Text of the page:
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The Aortic Institute at Yale-New Haven: Milestones Achieved

  1. The Center incorporates a database of 5,000 patients, 15,000 patient years of follow-up, and 15,000 imaging studies. We believe this is the largest thoracic aortic database extant.
  2. Developed massive tissue bank for thoracic aortic specimens, supplying material to universities worldwide.
  3. Articulated “Complication-Specific Approach” for Type B aortic dissection, now generally adopted worldwide.
  4. Determined size at which thoracic aorta ruptures or dissects, permitting evidence-based criteria for surgical intervention, which are used throughout the world.
  5. Identified inherited, genetic nature of thoracic aortic aneurysm and dissection.
  6. Identified phenomenon of aortic dissection in young weight lifters.
  7. Identified inciting events for acute aortic dissection (exertion, emotion).
  8. Developed first general screening blood test for thoracic aortic aneurysm (molecular biologic “RNA Signature” test).
  9. Identified role of MMPs in pathogenesis of thoracic aortic aneurysm (as well as other molecular pathophysiologic mechanisms).
  10. Located the specific mutations (SNPs, or single nucleotide polymorphisms) that underlie thoracic aneurysm disease, via a Yale-driven collaboration with Celera Genomics, including patient recruitment on two continents.
  11. Described mechanical (engineering) alterations in the aortic wall that underlie aortic dissection and rupture.
  12. Developed novel spinal “Cooling Catheter” for prevention of paraplegia in aortic surgery (supported by grants from the National Science Foundation).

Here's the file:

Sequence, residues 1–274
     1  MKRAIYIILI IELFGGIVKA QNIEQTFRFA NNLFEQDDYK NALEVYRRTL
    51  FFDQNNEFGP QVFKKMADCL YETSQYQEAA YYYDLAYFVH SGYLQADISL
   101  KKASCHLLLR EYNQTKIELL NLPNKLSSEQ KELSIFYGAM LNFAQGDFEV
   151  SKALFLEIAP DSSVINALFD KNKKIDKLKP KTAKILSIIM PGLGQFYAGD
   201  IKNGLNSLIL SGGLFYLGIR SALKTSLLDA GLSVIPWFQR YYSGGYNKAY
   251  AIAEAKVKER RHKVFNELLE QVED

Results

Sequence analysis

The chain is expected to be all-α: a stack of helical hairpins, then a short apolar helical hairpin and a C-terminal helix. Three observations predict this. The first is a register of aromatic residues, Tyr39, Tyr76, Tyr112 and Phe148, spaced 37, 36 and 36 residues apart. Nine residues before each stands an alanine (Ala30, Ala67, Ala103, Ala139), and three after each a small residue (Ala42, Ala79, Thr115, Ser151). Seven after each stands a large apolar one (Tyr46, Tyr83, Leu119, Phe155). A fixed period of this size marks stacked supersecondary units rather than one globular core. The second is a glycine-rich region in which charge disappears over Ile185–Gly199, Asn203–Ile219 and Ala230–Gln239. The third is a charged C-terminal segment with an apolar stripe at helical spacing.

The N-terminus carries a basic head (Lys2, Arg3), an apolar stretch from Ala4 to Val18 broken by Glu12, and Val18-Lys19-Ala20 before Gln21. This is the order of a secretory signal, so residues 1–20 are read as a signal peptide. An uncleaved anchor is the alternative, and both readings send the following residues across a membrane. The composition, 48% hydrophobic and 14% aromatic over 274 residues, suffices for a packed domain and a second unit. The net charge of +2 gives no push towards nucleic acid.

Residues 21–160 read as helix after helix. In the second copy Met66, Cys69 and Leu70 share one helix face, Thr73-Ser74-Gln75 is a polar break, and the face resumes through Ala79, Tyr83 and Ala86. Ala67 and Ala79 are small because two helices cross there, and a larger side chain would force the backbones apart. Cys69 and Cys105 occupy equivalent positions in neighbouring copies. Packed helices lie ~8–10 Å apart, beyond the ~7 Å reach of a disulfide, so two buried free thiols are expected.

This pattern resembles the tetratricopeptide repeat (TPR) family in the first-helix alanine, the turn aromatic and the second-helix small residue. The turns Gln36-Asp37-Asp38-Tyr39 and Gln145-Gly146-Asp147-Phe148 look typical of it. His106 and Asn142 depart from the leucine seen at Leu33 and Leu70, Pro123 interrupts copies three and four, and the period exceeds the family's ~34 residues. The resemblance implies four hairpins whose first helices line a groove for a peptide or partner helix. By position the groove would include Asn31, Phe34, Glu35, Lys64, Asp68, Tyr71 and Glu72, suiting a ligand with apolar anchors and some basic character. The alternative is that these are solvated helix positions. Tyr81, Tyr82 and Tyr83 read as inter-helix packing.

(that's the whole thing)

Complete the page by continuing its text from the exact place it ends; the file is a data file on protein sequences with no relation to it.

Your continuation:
13. Demonstrated that suspended animation (Deep Hypothermic Circulatory Arrest – DHCA) is a very safe technique for aortic arch operations.
  14. Disseminated information about aortic dissection to the medical community via chapters, monographs, articles, books, and Yale-sponsored symposia.
  15. Disseminated information about aortic dissection to the lay public through multiple magazine, newspaper, and TV articles (and via collaboration with The Wall Street Journal in a Pulitzer Prize winning series by Kevin Helliker).
  16. Identified the utility of statin drugs in preventing progression and complications of thoracic aortic aneurysm.
  17. First identified that bovine aortic arch and other arch vessel branching anomalies predispose to thoracic aortic aneurysm.
  18. Founded medical journal AORTA, reaching 11,500 readers in ninety-four countries.
  19. Developed first widespread Next Generation routine genetic testing program for mutations leading to thoracic aortic aneurysm and dissection (based on Whole Exome Sequencing).
  20. Demonstrated near-curative impact of composite graft replacement surgery in restoring normal life expectancy for patients with aortic root aneurysm.
  21. Demonstrated markedly increased risk of aortic dissection (3x) once a first dissection has occurred in a family member.
  22. Demonstrated that having an ascending aortic aneurysm protects strongly against arteriosclerosis.

All of the above milestones are reported in scientific publications in top medical and surgical journals and in the book Acute Aortic Disease (John A. Elefteriades, M.D., Informa Healthcare, 2007) chronicles many of the above milestones.

A comprehensive review of some of these milestones is also published in the following two publications:

Elefteriades JA, Farkas EA. Thoracic aortic aneurysm: clinically pertinent controversies and uncertainties. Journal of the American College of Cardiology 2010;55(9):841-57.

Ziganshin BA, Elefteriades JA. Yale milestones in reading the playbook of thoracic aortic aneurysms. Connecticut Medicine. 2012;76(10):589-98

A review specially prepared for a lay audience can be found in Scientific American magazine (Elefteriades JA. Beating a sudden killer. Scientific American. 2005;293:64-71.)